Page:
Swedes do Scotland

IMG_6998.jpgHi readers! I once again apologize for my lapse in writing. The past few weeks have been some of the most exciting of my life, so I have neglected a very important part of the process – processing the experience! Taking the time to appreciate these experiences is so important, but I feel lucky to be so entertained that I have no downtime. I finally took the time to reflect on my Week-Long Study Tour to Scotland, and I hope this blog gives you a taste of my Scottish experience. Happy reading!


During our trip to Scotland, my Forensic Psychology class visited various crime-related organizations and institutions. Each one offered me a new perspective on criminality. The programs exposed us to new legal approaches, psychological perspectives, and sociological theories. Most of our visits consisted of serious and sensitive content, but we still managed to have fun. At one of the visits, I told the speaker I was interested in learning about drugs and alcohol, meaning that I wanted to know how prevalent drug use and addiction is in their client population. Perhaps my wording was off (or maybe my American accent, if that’s a thing?) but he thought I ask him where I could get drugs in his facility, yikes! Once we cleared that up the whole room had a good laugh.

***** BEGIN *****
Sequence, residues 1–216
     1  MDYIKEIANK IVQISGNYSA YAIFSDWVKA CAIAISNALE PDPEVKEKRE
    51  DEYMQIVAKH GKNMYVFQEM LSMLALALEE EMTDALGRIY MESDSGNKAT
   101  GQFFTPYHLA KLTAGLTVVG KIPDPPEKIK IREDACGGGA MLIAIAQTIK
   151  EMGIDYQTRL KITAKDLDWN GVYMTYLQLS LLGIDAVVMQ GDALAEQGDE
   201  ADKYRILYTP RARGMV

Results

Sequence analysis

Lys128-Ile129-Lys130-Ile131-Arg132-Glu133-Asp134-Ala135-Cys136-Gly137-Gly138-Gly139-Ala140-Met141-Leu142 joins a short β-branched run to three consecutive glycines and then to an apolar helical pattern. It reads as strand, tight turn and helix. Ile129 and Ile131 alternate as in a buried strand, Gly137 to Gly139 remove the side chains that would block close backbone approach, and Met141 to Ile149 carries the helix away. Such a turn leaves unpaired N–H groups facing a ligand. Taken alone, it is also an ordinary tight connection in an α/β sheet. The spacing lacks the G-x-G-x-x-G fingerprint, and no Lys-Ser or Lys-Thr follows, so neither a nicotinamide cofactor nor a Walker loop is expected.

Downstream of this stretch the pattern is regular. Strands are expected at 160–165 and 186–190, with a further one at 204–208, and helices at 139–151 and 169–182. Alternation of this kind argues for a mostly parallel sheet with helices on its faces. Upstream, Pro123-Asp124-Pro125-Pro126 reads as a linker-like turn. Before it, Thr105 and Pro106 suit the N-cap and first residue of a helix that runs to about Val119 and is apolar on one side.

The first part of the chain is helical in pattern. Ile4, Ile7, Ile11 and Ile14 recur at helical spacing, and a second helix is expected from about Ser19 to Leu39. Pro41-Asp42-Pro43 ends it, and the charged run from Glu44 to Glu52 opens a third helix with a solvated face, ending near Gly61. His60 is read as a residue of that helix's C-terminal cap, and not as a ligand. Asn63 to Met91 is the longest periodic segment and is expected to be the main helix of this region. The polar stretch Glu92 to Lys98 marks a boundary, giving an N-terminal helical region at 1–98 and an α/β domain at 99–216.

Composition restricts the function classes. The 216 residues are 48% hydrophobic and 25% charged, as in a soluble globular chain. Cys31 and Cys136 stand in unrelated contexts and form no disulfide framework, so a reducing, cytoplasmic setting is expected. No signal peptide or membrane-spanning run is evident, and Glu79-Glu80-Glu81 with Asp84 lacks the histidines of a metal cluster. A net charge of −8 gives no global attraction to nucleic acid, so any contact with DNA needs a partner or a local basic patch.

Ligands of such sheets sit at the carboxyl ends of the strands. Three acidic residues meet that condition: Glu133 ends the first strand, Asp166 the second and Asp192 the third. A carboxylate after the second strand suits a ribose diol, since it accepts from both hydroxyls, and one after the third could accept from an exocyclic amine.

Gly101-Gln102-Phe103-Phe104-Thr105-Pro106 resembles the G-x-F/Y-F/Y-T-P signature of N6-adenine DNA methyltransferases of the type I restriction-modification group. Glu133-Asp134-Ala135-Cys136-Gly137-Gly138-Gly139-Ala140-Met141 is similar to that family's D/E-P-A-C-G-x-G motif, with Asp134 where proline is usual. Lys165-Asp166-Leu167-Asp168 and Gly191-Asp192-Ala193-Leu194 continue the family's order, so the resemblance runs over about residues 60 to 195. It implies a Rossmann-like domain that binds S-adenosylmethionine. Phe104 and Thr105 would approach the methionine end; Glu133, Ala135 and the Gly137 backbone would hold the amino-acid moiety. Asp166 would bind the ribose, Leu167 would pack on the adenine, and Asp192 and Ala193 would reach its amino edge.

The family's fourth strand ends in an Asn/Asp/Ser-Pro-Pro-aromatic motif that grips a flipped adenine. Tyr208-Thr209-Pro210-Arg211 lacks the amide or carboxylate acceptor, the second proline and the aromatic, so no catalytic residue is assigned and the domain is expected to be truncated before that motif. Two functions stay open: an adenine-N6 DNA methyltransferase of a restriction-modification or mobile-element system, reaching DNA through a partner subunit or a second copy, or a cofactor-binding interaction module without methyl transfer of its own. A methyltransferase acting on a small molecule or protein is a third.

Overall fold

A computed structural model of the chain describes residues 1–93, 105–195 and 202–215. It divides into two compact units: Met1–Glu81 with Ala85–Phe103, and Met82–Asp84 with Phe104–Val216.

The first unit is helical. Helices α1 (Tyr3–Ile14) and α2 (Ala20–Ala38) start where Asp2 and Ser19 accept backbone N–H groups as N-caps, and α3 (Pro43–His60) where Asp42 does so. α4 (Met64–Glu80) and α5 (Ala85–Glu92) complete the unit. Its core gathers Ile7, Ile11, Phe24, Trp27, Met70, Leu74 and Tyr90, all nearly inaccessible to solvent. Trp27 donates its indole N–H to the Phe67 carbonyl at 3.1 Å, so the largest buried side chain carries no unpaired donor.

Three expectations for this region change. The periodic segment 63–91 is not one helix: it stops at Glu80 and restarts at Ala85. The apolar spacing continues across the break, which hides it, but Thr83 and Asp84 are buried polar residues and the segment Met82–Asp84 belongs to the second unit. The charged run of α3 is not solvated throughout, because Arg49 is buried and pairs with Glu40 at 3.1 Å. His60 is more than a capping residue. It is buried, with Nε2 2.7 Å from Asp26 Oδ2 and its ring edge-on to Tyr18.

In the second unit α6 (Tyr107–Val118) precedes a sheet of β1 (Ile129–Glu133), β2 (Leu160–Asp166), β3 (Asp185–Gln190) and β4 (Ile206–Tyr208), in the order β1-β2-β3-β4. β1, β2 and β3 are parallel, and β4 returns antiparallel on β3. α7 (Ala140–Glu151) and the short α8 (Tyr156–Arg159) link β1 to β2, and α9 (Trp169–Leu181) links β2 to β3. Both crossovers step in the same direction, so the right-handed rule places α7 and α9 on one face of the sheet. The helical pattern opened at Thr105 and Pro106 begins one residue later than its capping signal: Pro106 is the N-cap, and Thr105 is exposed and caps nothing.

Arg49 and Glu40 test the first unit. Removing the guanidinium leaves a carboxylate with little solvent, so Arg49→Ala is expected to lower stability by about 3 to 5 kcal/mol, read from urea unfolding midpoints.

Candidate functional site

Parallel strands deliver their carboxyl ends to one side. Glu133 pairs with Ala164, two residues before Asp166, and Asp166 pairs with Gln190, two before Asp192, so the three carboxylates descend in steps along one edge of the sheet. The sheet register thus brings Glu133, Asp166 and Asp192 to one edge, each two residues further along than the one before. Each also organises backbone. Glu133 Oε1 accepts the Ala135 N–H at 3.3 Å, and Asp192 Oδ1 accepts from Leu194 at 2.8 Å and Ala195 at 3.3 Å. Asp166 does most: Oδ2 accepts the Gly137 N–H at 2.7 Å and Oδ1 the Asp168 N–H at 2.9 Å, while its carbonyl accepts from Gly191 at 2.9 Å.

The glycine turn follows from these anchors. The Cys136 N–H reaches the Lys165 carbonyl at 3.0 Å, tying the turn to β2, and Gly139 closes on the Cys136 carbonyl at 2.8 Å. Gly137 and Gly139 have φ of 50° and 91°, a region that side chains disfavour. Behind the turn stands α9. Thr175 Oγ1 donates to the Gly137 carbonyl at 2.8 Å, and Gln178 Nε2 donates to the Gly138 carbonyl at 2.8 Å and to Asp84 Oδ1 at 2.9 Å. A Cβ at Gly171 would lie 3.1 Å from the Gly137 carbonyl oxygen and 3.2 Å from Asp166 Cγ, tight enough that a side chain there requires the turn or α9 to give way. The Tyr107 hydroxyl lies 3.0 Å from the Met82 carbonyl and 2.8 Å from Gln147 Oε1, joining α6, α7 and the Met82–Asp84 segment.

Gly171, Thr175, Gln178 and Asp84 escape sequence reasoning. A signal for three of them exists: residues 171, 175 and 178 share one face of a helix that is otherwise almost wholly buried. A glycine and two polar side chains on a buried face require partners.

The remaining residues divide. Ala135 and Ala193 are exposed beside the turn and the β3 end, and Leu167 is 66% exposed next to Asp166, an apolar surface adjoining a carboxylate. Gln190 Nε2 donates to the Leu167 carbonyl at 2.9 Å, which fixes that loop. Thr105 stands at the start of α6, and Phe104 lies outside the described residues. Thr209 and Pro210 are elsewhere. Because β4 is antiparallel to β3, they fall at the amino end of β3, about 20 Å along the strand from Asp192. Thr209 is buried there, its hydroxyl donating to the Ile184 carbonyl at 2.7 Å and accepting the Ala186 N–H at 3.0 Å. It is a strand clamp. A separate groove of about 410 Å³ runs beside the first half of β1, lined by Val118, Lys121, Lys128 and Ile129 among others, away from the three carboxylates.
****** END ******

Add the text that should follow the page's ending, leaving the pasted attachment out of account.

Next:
Each of the visits offered a new perspective, so to be brief I’ll talk about the one I found most interesting, Kibble, an organization in Glasgow. Kibble houses and offers rehabilitation for youth involved in crimes. The team there deals with a wide range of individuals, from cases like a twelve-year-old boy with learning and social disabilities who has a history of setting fires, to cases like an exceptionally bright eighteen-year-old girl from a broken home who attempted suicide. At Kibble, each client receives an individualized plan that aims to help them be their best and healthiest self. The staff made sure to tell as that they celebrate small victories; with appreciation and time, those small victories become big ones. Working with individuals with convictions seems to be incredibly taxing work, but a staff member there said working with youth is particularly rewarding because they are still developing and most can change for the better.